The USN never did learn quite what to make out of the Denver class. Sometimes they were called cruisers and sometimes they were called gunboats. In mission selection thy indeed closer to gunboats than cruisers. At the time Admiral Bradford of the Bureau of Equipment criticized them for what he considered an excessively generous level of electrical equipment. The ships had four 24kw generators, which provided far more electrical power than the two 16kw generators on the slightly smaller Montgomery class. When it came to issuing contracts, the navy decided to spread the wealth. Although, the two lowest bidders on the contracts were rejected because it was thought that they were incapable of successfully building the ship, three more unknowns were granted a contract on one of the ships. Three contractors were known commodities, Fore River for Des Moines; Union Iron Works for Tacoma; Bath Iron Works for Cleveland. However, how many have heard of these builders; Neafie & Levy for Denver; Crescent for Chattanooga; and WR Trigg for Galveston? In fact the builders of Chattanooga and Galveston both went bankrupt during construction and both ships had to be towed to navy yards for completion. These ships had a much lower construction priority than the contemporary battleships and armored cruisers. Another interesting construction detail was the ship's bottoms. They of course were steel hulled but on top of the steel, they were sheathed with pine and copper. This was a specific design decision to allow long service in the tropics. They were perfect ships for the Banana Wars. For economy the ships were also given a full sail rig for the two ships, which was rare after 1900 but I have not been able to find a photo of any of the ships under sail. 

All of the ships were ordered on March 3, 1899 and laid down in 1900, except for Galveston, which was laid down in 1901. Because of their low priority and the difficulties of untried builders, most of the ships were slow in building. The construction of Cleveland by Bath Iron Works was by far the fastest. Cleveland was laid down June 1, 1900, launched September 28, 1901 and completed November 2, 1903. Denver was launched in 1902 and the rest in 1903. Four were commissioned in 1904 and finally the laggardly Galveston was commissioned in 1905. All were quickly bundled off to tropical waters for which they were designed. Mostly worthless in the event of war, they nonetheless made made effective vessels for gunboat diplomacy. All were modified in World War One. The two forward 5-inch casemates on each side were suppressed, although the ships retained the two aft casemate positions in each side. Two 5-inch/50 were remounted on the upper deck at deck edge between the bridge and first funnel. Additionally a 3-inch AA gun was added on a short platform between the aft 5-inch gun and mainmast. Tacoma was wrecked on January 16, 1924 off of Vera Cruz, Mexico. Cleveland, Chattanooga and Des Moines were sold in 1930 and in 1933 Denver and Galveston were sold for scrap.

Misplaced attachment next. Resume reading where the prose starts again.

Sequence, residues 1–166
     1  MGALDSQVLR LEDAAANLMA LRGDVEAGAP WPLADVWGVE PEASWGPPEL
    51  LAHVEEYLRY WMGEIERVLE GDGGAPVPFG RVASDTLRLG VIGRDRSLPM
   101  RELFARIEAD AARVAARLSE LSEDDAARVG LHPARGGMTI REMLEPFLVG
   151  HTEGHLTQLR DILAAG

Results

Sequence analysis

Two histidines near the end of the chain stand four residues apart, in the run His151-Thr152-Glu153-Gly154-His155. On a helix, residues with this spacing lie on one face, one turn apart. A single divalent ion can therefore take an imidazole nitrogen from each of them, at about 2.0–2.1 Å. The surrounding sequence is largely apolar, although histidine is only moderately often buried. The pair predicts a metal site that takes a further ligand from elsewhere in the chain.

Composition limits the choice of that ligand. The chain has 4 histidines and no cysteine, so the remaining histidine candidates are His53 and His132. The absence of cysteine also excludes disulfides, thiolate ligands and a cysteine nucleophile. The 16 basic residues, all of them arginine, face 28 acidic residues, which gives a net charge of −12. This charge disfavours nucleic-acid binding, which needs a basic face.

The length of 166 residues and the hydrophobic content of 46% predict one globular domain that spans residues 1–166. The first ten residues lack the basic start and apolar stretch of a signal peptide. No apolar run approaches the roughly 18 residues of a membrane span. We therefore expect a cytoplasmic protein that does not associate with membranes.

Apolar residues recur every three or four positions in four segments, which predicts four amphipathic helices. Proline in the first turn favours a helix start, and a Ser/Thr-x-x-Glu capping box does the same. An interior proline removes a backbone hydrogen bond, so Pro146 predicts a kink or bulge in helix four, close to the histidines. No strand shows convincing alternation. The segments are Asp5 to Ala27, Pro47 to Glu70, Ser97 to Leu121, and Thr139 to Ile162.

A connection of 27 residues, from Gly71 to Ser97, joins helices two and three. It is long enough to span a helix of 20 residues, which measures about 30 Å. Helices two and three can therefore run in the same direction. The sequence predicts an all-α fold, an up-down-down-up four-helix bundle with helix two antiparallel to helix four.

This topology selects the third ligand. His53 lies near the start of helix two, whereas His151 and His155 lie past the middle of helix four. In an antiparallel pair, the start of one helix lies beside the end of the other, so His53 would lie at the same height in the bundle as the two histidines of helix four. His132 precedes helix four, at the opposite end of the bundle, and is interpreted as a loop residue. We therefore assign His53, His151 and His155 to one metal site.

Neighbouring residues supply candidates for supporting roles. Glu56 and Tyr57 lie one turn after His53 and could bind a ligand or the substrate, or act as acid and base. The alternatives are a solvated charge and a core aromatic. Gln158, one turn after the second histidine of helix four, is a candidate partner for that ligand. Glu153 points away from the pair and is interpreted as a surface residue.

USS Cleveland Vital Statistics

Dimensions: Length -
308-feet 10-inchs overall (94.13m), Beam - 44-feet (13.41m), Draught - 15-feet 9-inches (4.8m): Displacement - 3,190 tons, (3,514 tons full load): Armament: Ten 5-inch/50 Mk-5, Eight 6pdr, Two 1pdr: Armor: Protective Deck Slope - 2 1/2-inchs amidships, 1-inch ends; Deck Flat - 5/16-inch: Machinery - Vertical Triple Expansion VTE, 6 Babcock & Wilcox boilers, 2 shafts, 4,500ihp, Two mast full sail auxiliary rig: Maximum Speed - 16.5 knots: Complement - 339

Modelkrak of Poland has been around for some time. The manner in which they cast their kits has not wavered over the years. They still use the same process today, that they used seven years ago. Using open face molds, the hull and smaller castings have a casting slab and casting blocks of significant size. Although the casting method is far from state of the art, Modelkrak does produced subjects not produced anywhere else. Such is the case with the Peace Cruiser USS Cleveland. The Modelkrak Cleveland represents the ship as modified during World War One. The first job will be to remove the thick casting slab upon which the hull rests. Best removed with a belt sander, if you don't have one of those, initially use coarse sandpaper on a sanding block to remove most of the slab before changing over to finer grades of sandpaper. Another option would to leave the casting slab in place and build the ship in a diorama setting with the casting slab as the water surface. The hull sides has some over-scale detail but still presents a pleasing profile. With a straight stem and cutaway stern, the Cleveland certainly has an archaic appearance. At the bow are oval anchor hawse with over-scale anchor chains running to stockless anchors on old-fashioned billboards. A row of square windows is on each side where the most forward gun casemates were located. Right behind that is a very heavy column of rungs running up the hull. They present great relief but are far too oversize but a little sanding will remedy this. The hull amidships is slab-sided with some portholes and four square shutters. The aft hull of course still has the two 5-inch gun casemates on each side. Another column of over-scale rungs is found here.